From 23-26 November 2017, the WINDA Film Festival returns to celebrate Indigenous films from under the Milky Way to give voice to a diverse global Indigenous film community.
Now in its second year, held at Event Cinemas George St, the Festival will screen two feature films and seven documentaries, and 31 short films from over six countries, including nine Australian premieres, and two international premieres.
The Festival kicks off with the Venice Special Jury Prize winner Sweet Country, from acclaimed Australian director Warwick Thornton. Earning rave critic reviews, the majestic outback western features an Australian ensemble cast of Sam Neill, Bryan Brown and Matt Day, and follows an Aboriginal stockman who must face a town’s toxic racist underbelly after he kills a white station-owner in self-defence.
Closing the Festival will be a free pop-up outdoor cinema on the UTS Alumni Green, with a community screening of After the Apology from prolific writer and filmmaker Larissa Behrendt, and a sausage sizzle. The landmark documentary explores the community’s response to the removal of Aboriginal children by welfare agencies, which has continued to increase since the Stolen Generations (1905-1969).
“We’re thrilled to bring WINDA back for a second year,” said Festival Artistic Director Pauline Clague. “The international and local films bring audiences together with portrayals of shared celebrations, struggles and stories, and puts us in our place in the universal storylines of Indigenous nations.”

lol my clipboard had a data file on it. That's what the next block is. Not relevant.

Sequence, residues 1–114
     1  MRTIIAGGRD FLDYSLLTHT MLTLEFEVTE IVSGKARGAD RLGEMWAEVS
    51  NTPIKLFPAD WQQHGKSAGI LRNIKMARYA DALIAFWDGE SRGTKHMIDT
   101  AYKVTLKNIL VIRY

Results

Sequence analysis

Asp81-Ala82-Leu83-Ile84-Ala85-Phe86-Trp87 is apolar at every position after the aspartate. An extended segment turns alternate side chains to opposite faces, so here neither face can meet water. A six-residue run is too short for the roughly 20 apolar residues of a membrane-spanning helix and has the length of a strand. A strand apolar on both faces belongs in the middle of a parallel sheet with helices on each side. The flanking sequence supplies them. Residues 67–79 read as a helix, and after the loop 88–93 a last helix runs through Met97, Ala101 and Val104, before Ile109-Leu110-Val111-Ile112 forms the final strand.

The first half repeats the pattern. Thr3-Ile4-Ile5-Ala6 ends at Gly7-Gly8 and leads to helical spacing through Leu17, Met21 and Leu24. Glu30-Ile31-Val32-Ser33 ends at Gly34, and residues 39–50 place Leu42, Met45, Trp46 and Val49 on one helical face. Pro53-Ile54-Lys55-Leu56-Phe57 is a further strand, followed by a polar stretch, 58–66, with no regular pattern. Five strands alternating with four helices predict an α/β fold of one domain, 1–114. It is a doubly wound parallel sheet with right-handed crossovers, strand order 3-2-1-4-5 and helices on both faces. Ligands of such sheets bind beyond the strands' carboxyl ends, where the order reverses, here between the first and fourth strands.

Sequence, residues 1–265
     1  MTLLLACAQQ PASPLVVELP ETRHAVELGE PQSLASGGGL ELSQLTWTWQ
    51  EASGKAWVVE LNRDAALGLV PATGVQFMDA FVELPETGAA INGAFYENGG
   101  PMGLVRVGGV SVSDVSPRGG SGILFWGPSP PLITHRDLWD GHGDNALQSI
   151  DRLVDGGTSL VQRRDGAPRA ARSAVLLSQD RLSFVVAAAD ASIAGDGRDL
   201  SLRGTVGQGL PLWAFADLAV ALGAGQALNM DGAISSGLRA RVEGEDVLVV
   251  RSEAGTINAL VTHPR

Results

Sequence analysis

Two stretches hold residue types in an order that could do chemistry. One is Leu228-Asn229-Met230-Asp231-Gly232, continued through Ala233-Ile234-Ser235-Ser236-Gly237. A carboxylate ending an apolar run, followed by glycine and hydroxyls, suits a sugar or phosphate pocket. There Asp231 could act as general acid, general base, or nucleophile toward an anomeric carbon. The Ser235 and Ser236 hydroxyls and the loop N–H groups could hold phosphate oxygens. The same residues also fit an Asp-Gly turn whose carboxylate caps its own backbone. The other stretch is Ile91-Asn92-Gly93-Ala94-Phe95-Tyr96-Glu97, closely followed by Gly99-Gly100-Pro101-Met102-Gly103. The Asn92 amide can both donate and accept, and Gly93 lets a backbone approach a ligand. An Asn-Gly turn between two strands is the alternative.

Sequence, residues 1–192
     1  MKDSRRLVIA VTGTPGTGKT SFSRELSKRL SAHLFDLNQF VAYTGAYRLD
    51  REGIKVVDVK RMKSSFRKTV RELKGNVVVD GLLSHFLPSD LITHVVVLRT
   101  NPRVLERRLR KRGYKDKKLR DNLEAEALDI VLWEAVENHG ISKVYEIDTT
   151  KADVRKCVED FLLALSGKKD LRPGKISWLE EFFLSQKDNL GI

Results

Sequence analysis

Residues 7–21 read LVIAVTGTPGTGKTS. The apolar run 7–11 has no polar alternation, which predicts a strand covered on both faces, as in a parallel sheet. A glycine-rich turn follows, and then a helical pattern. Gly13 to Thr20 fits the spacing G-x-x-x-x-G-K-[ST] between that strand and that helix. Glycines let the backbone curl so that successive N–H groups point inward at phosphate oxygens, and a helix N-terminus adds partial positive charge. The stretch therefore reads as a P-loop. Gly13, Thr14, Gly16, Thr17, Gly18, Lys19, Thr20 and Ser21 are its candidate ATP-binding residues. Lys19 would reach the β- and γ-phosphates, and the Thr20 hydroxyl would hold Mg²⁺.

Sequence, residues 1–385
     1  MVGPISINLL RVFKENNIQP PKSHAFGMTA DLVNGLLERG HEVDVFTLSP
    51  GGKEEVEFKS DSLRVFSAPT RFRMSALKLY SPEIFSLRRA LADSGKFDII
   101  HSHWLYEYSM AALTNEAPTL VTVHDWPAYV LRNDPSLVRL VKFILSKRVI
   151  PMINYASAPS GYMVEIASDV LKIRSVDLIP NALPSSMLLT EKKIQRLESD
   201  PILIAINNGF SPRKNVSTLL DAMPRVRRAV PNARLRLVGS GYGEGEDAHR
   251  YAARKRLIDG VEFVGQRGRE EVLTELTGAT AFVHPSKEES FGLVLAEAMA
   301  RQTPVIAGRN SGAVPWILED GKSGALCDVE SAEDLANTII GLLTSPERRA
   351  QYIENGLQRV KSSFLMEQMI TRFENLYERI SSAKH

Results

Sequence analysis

The program also includes four curated nights showcasing Indigenous short filmmaking, including Shorts from the Bush, Shorts from the South, International Shorts, and a selection of films from Aotearoa curated by the Māoriland Film Festival titled Brave New Lens.
The Festival will also feature a series of special events including: a filmmaking masterclass with Indigenous Canadian film veteran Alanis Obomsawin; a workshop on VR / 360 filmmaking through an Indigenous lens, run by leading 360 producers Indigi Lab; an innovative virtual reality media project reimagining Indigenous communities 150 years in the future; and Native Slam I + II, a pop-up Yurt screening short films on the Sydney Opera House Forecourt as part of Homeground.
WINDA Film Festival is made possible in part by generous industry sponsors: UTS: Jumbunna Institute, New Horizon Films, Wurhu Darhuy Foundation, Cushman & Wakefield, 2SER Radio, Event Cinemas George Street, City of Sydney, Creative Content and Sydney Opera House’s Homeground Festival.
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